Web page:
As Kendall Walton (1990) notes,  "Props are generators of fictional truths, things which, by virtue of their nature or existence, make propositions fictional". In discussing the scenario of children playing a game of make-believe where tree stumps in the forest turn into imaginary bears, Walton discusses the underlying agreement of all players that stumps are part of the imaginary fictional world. In this instance we can see the applications of augmented reality acting as a toolbox of props that can be used to create different play experiences. Instead of having to imagine the world of stumps as bears, it is now possible for the technology to turn this into a displayed (virtual) reality. Although props can be present in other digital games, augmented reality is allowing for a layering of a prop, transforming a real world space into an extended playground of possibilities. The recently released Ball Invasion iPad2 game is an example of this. The game relies on the difference in patterns within the real world space to layer an augmented gamespace over the top. In calibrating the application, players are then able to play various shooting games, bouncing virtual balls at different targets within different depth layers. The balls also interact with the surrounding real world landscape, animated to seemingly bounce off the walls of the real world space when the virtual targets are not hit. The world created is pure mimicry, an imaginary world created through the combination of technologies. In doing so this standard game of chance is combined with a space of imagination, a combination of categories seen to be ‘forbidden’ by Caillois, stating “simulation and chance are no more susceptible to mixing” (p. 73). This is true of any digital game, where the simulation is created by the technology as a platform for a different kind of playful experience as once imagined by Caillois. The same can be said of ‘ilinx’ or vertigo, and its forbidden relationship with competition and rules. The portable nature of the mobile phone combined with the locative aspects of augmented reality can see player’s moving through periods of vertigo, spinning round playfully trying to find new fictional spaces to explore.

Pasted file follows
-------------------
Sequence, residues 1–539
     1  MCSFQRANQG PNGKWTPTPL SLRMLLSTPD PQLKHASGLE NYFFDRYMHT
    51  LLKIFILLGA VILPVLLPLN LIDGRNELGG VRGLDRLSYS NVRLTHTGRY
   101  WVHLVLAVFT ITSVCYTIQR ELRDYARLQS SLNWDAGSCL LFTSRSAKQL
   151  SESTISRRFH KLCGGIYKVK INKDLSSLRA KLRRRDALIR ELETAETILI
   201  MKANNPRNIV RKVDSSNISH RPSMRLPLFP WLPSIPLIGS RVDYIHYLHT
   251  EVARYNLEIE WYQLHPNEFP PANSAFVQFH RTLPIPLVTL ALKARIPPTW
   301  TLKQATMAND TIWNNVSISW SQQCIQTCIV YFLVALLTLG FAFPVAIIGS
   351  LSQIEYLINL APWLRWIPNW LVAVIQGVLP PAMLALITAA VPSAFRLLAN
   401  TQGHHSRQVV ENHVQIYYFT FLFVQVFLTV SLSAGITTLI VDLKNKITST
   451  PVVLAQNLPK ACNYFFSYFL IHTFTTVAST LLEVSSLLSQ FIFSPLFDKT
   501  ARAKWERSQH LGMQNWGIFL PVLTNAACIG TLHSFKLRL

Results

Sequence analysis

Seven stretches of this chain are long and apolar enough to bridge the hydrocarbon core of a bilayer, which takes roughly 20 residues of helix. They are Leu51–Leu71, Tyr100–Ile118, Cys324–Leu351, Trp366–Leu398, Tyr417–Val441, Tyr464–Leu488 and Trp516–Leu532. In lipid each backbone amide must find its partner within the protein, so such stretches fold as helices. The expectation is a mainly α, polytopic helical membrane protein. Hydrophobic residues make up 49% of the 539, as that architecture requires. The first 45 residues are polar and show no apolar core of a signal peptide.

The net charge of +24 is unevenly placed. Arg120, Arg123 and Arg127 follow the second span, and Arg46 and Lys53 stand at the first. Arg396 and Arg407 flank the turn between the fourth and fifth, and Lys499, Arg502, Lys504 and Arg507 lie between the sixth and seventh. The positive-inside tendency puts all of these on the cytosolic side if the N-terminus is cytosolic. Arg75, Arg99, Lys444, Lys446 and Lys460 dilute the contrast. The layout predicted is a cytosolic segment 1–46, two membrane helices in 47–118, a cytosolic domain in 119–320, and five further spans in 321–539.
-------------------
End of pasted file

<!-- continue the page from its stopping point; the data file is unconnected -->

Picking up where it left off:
Applications such as Layar (an augmented reality browser) allow for the creation of these playful experiences, often recreating our childhood memories of fictional worlds, imaginary places and ideas surrounding new possibilities of play. Instead of relying on markers, Layar allows different augmented reality games to be played through using location-based data and the digital compass for direction. An example of this is the Layar titled ScanvengAR Hunt. Much the same as a normal treasure hunt, players have to find the objects displayed on screen as they explore the area around them. Objects are marked such as octopuses and swords, creating a world full of props for our imaginations. These props can be used as the starting point for new play experiences as the portable playground of the mobile screen extends the world around them. Although the props may remain the same, the location of play changes, creating new meanings and experiences. The game functions in much the same way as the real world experience but can be updated with every re-load of the application refreshing what objects are shown and where they may be found. The turbulence or ‘ilinx’ combined with the mimicry of play return to these games with these various layers. Player’s can now stand up, spin around and furiously attempt to shot the virtual spaceships appearing on screen, found all around the player. However, this play can be competitive, both between players and by individual players competing with themselves, allowing for the categories of ilinx and competitive ruled play to emerge through the possibilities of the platform.

This is the key distinction of playful digital media; it is now possible for players to use these applications as platforms. Players can create their own play experiences through extended layers of their own imaginary and much of this play comes through the initial exploration of each application’s use. Augmented reality, in particular, allows for an exploration of both the real and virtual world spaces to see what they can offer on each play. AR creates the possibility of two layers of fiction intertwined with the real world, that of the virtual depicted fiction and the extra fiction created by the player's own imagination. Together these allow for various types of play experiences to evolve out of the props on offer within the interface and the simplistic nature of many of their designs allow for different types of game and play scenario to emerge. As has been briefly outlined above, the platform(s) of play are now accessed through the mobile interface, the "space of possibility" (Salen and Zimmerman 2004) continues to be opened up to players as they to seek to bring the imaginary back into play.

 

References and Notes: 

Roger Caillois, Man, Play and Games (Chicago: University of Illinois Press, 1958)

Marie-Laure Ryan, “Beyond Ludus: narrative, videogames and the split condition of digital textuality” in Videogame, Player, Text, eds. B.Atkins and T.Krzywinska,  8-28 (Manchester: Manchester University Press, 2007)

Katie Salen and Eric Zimmerman, Rules of Play: Game Design Fundamentals, (Massachusetts: MIT Press, 2004)

Kendall Walton, Mimesis as Make-Believe: On the foundations of representational arts (Cambridge: Harvard University Press, 1990).